On the northern fringe of Holcombe Moor above the village of Helmshore there is a cairn and a monument which are said to mark the location of the murder of a woman called Ellen Strange which took place on the moor on 26th January 1761. The site is not marked on most OS maps but the grid reference is SD 77573 19246, on the north-east ridge of Bull Hill.
Actually the monument is modern, erected as part of a commemoration ceremony in 1978. The woman’s name was Ellen Broadley, though her maiden name may have been Strange. It is not even certain that the cairn is on the site of the murder. However the inquest took place at a farm nearby two days afterwards. Ellen’s husband, John Broadley was arrested and tried for the crime at Lancaster Assizes but there was insufficient evidence and he was acquitted.
For over 200 years different accounts of these events have flourished, several of them including a long poem written down over 100 years afterwards. It was said that the killer was caught, confessed his sins, was tried and hanged at Lancaster Assizes and his body placed in a gibbet on Bull Hill. There is a suggestion that the cairn lay elsewhere on the moor and was moved to its present location by a group of schoolboys just before the First World War. And the memorial stone, with a carving supposedly representing the tragic Ellen, was thought by some to be an ancient waymark showing the face of Mary and the baby Jesus.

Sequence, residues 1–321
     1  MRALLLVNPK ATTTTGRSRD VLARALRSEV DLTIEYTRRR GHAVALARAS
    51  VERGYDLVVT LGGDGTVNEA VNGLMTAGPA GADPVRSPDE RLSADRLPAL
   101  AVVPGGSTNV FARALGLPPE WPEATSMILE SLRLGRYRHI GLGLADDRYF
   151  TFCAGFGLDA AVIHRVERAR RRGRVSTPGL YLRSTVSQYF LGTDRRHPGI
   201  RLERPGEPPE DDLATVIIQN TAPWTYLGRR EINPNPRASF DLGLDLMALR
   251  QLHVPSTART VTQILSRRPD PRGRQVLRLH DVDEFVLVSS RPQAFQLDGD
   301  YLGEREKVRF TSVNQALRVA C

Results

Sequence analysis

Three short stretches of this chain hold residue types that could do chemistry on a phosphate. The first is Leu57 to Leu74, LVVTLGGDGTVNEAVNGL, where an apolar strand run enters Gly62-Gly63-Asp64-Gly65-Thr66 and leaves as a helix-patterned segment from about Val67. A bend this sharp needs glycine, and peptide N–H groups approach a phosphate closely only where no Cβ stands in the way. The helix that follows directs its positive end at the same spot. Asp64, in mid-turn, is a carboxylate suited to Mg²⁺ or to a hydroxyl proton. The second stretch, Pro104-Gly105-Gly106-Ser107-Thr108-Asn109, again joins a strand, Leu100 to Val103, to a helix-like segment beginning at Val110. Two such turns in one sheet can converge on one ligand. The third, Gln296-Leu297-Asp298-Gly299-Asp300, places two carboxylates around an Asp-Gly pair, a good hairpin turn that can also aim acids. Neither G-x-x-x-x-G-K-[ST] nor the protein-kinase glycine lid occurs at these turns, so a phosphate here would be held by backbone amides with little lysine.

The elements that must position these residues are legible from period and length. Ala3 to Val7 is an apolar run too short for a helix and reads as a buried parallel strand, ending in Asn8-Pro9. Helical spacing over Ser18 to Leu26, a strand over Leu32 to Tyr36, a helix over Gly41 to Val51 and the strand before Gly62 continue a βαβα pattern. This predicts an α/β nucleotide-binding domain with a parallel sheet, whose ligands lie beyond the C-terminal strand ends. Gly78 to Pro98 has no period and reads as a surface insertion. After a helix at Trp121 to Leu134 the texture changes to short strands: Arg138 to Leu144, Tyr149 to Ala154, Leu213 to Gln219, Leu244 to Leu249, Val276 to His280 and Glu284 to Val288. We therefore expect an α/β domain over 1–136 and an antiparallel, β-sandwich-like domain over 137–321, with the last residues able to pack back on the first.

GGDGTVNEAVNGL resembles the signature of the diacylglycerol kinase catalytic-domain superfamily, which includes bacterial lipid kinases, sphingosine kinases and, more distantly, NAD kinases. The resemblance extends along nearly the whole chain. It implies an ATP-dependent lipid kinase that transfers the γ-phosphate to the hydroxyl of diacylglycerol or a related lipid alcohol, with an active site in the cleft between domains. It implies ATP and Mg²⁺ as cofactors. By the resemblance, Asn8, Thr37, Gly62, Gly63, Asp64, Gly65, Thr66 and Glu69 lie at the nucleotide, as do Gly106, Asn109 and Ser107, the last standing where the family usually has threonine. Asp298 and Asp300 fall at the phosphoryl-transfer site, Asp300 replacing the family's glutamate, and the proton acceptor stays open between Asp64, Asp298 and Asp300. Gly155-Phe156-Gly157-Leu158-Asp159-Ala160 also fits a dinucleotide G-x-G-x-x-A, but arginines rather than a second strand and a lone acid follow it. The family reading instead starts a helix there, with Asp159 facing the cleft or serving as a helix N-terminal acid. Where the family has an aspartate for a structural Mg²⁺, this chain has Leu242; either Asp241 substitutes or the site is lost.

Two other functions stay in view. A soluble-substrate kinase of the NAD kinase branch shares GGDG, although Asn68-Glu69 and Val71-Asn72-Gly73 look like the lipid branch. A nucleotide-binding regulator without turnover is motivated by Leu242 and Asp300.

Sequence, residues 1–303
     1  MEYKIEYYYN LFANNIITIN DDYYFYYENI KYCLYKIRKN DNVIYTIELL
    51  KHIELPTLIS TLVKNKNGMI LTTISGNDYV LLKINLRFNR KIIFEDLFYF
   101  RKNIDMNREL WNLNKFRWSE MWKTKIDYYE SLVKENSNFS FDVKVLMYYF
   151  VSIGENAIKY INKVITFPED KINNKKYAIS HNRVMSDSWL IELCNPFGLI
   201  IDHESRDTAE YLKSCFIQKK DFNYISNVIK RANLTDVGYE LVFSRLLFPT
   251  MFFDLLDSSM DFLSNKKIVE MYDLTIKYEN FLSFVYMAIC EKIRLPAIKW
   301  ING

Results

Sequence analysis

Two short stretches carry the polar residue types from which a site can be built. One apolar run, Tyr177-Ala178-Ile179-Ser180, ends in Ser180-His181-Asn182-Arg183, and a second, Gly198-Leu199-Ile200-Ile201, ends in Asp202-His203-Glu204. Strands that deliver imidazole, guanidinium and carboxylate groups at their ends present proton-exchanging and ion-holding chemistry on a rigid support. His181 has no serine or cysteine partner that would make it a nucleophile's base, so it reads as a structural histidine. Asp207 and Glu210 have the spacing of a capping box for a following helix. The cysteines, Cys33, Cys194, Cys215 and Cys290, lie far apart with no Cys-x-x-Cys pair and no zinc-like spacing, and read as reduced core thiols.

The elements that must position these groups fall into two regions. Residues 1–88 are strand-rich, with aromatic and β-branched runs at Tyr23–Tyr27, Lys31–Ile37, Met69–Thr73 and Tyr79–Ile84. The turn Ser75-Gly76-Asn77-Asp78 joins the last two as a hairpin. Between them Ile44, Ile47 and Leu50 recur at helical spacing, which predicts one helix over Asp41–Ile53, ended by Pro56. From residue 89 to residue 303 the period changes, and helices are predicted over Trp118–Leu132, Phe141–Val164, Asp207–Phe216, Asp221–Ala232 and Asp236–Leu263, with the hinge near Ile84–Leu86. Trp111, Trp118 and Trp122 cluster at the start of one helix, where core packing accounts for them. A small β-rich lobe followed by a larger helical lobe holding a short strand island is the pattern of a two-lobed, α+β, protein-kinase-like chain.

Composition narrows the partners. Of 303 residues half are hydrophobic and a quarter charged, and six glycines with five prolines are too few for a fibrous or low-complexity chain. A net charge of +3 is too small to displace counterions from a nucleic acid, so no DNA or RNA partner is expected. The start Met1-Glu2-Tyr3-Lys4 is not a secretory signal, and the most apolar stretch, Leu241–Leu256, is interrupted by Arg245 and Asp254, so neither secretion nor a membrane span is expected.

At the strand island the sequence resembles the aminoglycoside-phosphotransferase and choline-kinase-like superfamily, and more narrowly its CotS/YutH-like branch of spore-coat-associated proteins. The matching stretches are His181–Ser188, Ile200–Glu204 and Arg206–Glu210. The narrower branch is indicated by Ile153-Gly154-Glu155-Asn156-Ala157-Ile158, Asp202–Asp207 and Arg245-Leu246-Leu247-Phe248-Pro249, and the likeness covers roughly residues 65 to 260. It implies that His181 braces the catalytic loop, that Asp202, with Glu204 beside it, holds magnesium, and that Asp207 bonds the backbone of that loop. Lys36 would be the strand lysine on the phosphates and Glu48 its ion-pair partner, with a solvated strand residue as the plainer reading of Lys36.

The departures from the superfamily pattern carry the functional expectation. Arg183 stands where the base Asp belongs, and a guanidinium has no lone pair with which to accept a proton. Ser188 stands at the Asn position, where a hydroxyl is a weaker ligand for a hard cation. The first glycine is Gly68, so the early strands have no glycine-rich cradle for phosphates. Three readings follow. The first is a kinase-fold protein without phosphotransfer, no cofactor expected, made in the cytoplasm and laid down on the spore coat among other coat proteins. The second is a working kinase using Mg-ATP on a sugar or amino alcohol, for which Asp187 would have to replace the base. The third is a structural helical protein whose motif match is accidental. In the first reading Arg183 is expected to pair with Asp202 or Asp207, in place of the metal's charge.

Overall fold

Quite recently, research by the Helmshore Local History Society provided a more definitive account. It was published in 1989 in a booklet by John Simpson which can be viewed here.